When is the best time to release a book?

So I’ve been a bit quiet online of late as I’ve spent the past seven weeks buried in edits on my historical fiction novel. But I’m about to embark on my final read through which means – eek! – I’m getting quite close to setting a publication date!

Naturally, as a self-publisher I want to do everything as well as I can and operate as close to the professional standards of a traditional publisher in every way possible. Therefore one question on my mind has been timing: WHEN should I do this? I really need to get this part right because once the book is released there is no going back.

I have consulted two self-publishing books which mention this issue: Let’s Get Digital by David Gaughran and Self-Printed by Catherine Ryan Howard. Each takes a different standpoint. David advocates publishing your book straight away if it’s ready; he asserts that waiting one day longer means one day less with an opportunity to make a sale. On the other hand, Catherine advises establishing a specific date for your book launch and putting a lot of energy and resources into it, with the idea that a big splash might gain momentum from there.

I’m inclined to lean towards Catherine’s recommendation. It makes sense to drum up some anticipation in advance, especially when mine is a debut novel without any kind of established readership. Aiming for a fixed release date and focusing on promotional efforts in the run-up to that date just might generate enough interest to get the ball rolling.

So when should that date be?

Good day to release

I did some research online with regard to the optimal time to send a book out into the world. It seems there are a lot of permutations to consider! One great tactic, if it’s suitable, is to tie in your release with a relevant date in the calendar, like a national campaign or the anniversary of a famous event. For example, Hazel Gaynor self-published her novel The Girl Who Came Home in 2012 to coincide with the 100-year anniversary of the sinking of the Titanic – if she had waited any longer to snag a traditional publisher for the book, then that timely window would have passed. Unfortunately, although my own novel, A Class Apart, is set in the past, it doesn’t revolve around any particular historical figures or events so I can’t avail of this strategy myself.

The month of the year is important – there are some months that really suit certain genres and other months where you should avoid publishing altogether. I fully intend to stay away from December as it will be saturated with the biggest titles from the most famous authors, all clamouring for Christmas sales. This article provides a detailed breakdown of which types of books suit which months, including:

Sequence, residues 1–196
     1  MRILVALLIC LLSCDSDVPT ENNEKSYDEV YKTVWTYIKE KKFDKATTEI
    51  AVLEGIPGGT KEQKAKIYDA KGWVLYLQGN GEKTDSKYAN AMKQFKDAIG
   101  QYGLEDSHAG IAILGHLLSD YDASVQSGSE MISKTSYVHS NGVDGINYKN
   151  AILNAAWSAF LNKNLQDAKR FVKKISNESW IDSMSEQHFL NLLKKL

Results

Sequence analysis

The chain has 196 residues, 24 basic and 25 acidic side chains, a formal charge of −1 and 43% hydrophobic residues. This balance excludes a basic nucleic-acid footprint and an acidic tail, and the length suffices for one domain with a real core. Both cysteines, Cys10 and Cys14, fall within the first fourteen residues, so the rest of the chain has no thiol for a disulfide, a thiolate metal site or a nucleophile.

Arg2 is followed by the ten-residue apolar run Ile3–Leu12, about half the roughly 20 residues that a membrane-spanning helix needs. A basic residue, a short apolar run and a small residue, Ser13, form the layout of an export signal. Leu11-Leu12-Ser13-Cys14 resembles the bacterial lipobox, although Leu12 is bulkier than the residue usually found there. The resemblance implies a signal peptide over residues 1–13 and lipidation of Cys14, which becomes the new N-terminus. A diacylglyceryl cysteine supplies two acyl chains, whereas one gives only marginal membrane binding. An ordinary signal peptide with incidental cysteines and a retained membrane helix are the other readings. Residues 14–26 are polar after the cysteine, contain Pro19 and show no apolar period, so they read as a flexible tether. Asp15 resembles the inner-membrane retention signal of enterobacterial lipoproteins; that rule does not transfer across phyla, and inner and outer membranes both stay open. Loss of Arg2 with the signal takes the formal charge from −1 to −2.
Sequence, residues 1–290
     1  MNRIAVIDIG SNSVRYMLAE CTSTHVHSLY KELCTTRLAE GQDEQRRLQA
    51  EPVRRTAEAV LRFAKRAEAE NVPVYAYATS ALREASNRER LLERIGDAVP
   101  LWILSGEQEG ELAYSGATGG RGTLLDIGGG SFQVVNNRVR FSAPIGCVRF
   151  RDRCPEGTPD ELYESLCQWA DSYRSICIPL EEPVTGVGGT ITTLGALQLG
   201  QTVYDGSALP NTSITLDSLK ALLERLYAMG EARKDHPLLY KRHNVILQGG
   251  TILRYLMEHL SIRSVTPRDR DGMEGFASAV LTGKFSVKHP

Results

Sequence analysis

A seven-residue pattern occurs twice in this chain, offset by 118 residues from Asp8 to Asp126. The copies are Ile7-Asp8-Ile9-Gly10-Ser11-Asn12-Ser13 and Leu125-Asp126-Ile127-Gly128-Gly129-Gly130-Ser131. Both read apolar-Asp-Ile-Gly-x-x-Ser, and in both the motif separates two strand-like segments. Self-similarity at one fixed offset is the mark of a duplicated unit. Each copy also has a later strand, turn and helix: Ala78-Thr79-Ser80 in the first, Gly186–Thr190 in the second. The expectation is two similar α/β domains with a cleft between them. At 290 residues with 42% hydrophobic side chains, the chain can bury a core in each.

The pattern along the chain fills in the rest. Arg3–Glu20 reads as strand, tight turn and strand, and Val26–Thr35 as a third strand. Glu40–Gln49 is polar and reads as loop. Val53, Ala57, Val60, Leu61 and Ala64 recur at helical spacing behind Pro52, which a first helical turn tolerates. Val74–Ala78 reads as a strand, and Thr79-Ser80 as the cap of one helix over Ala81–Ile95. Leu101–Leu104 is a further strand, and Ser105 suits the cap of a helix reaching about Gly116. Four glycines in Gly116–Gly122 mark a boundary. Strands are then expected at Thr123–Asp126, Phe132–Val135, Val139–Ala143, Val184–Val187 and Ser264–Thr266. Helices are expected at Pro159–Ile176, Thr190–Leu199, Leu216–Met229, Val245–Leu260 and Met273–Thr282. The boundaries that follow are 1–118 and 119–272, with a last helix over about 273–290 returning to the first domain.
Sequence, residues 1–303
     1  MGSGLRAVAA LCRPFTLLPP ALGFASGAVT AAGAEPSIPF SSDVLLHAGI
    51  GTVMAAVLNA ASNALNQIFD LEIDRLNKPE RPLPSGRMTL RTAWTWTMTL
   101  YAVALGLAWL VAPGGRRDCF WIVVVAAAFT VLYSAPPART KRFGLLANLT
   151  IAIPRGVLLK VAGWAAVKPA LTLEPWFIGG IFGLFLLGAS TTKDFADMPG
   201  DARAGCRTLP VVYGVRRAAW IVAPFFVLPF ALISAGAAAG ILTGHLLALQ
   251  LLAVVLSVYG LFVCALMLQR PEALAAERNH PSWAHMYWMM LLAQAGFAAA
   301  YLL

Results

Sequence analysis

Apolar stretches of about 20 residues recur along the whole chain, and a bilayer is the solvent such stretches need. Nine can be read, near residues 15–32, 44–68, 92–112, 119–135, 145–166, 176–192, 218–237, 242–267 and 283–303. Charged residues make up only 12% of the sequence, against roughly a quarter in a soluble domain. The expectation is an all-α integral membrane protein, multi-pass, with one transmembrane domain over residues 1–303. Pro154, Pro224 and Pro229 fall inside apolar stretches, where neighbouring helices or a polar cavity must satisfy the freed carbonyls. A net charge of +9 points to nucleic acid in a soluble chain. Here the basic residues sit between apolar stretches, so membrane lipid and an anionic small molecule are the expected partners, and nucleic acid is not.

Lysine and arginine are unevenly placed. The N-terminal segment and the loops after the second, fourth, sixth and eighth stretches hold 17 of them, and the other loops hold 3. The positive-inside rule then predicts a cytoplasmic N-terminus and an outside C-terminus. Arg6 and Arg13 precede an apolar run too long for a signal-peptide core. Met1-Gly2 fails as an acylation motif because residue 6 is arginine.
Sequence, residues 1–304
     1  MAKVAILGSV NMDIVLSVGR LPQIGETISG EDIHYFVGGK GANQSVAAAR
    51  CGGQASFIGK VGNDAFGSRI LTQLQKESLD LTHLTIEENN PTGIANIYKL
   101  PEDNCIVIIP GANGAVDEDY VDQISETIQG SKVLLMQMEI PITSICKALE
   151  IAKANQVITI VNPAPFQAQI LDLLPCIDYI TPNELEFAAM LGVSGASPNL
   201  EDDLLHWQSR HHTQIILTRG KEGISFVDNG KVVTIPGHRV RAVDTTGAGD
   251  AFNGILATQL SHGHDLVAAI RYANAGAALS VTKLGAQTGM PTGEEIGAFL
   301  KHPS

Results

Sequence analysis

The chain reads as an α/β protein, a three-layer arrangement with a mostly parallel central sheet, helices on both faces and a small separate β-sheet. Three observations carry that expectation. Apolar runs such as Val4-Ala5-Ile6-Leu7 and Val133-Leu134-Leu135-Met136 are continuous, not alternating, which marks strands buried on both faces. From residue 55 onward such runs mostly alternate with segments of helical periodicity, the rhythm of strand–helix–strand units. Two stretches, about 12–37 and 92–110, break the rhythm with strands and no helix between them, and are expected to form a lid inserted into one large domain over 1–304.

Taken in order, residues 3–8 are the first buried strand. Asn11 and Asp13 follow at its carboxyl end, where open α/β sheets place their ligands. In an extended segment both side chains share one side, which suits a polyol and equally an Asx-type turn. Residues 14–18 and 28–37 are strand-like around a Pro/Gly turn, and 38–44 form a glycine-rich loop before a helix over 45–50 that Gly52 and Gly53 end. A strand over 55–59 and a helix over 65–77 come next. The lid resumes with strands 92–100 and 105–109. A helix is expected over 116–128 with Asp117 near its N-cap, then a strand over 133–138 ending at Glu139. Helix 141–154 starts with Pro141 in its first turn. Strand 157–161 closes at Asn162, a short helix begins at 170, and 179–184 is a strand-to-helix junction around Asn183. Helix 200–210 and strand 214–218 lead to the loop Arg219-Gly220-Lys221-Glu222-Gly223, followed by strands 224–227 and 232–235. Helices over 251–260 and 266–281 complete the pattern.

• January: self-help books about dieting, exercise, etc.
  • February: romances for Valentine’s Day
  • July/August: summer reading, can be light romances or epic science fiction
  • October: horror, to tie in with Halloween

You can find further corroboration of these here. Considering all this in the light of my own book, I’m looking at a release date in the summer. One of my early readers has described it as a good holiday read so I think the romance element of it might be suitable for enjoying it on a beach or in a sunny back garden. I’ll probably aim for June or July to catch people before or as they head off on their holidays.

So that’s the month sorted! Now what about the day?

It appears that Tuesday is the official day for new releases in the publishing calendar. Should I align myself with that in order to copy the traditional format as much as possible? Or should I steer clear of a day where A Class Apart could be competing with so many others?

And why is it Tuesday anyway? You’d imagine that most people would be browsing for new books at the weekend when they have more free time. I gather from this article that releasing on a Tuesday allows plenty of steam to build up during the week with the publisher’s promotional efforts before activity quietens down at the weekend. That’s not necessarily a problem for a self-publisher who will be working every day of the week to promote anyway. However, it’s possible that potential consumers may be less active on social media at the weekend, and the online world is where most of a self-publisher’s sales are made, not in brick-and-mortar bookshops. So if social media is more active midweek, then that’s when the push for a new release should happen too. Perhaps a Monday then, or even a Wednesday.

It’s hard to know exactly how much this decision will impact on my book’s success. Some argue that there’s never really a bad day to release a book. For A Class Apart I’ve decided the answer is: when it’s ready. Which should be in the very near future, once I’ve completed that final read through (and hopefully don’t come across any glaring plot holes…).

So keep an eye out as I’ll be announcing a date very soon!

6 thoughts on “When is the best time to release a book?

  1. M says:

    You will know the minute it is ready for release because you will be completely satisfied with it! Then just take the plunge and wait for the feedback!!!!!! It will be worth it.

    Liked by 1 person

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